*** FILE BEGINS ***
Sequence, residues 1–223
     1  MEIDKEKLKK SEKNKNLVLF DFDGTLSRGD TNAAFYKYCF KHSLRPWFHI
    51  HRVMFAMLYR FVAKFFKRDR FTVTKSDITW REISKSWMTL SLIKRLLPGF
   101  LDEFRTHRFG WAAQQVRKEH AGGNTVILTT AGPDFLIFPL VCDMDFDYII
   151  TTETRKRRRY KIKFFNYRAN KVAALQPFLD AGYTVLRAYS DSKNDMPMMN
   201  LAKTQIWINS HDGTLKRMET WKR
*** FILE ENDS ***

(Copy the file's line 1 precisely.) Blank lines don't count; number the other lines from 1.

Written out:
Sequence, residues 1–223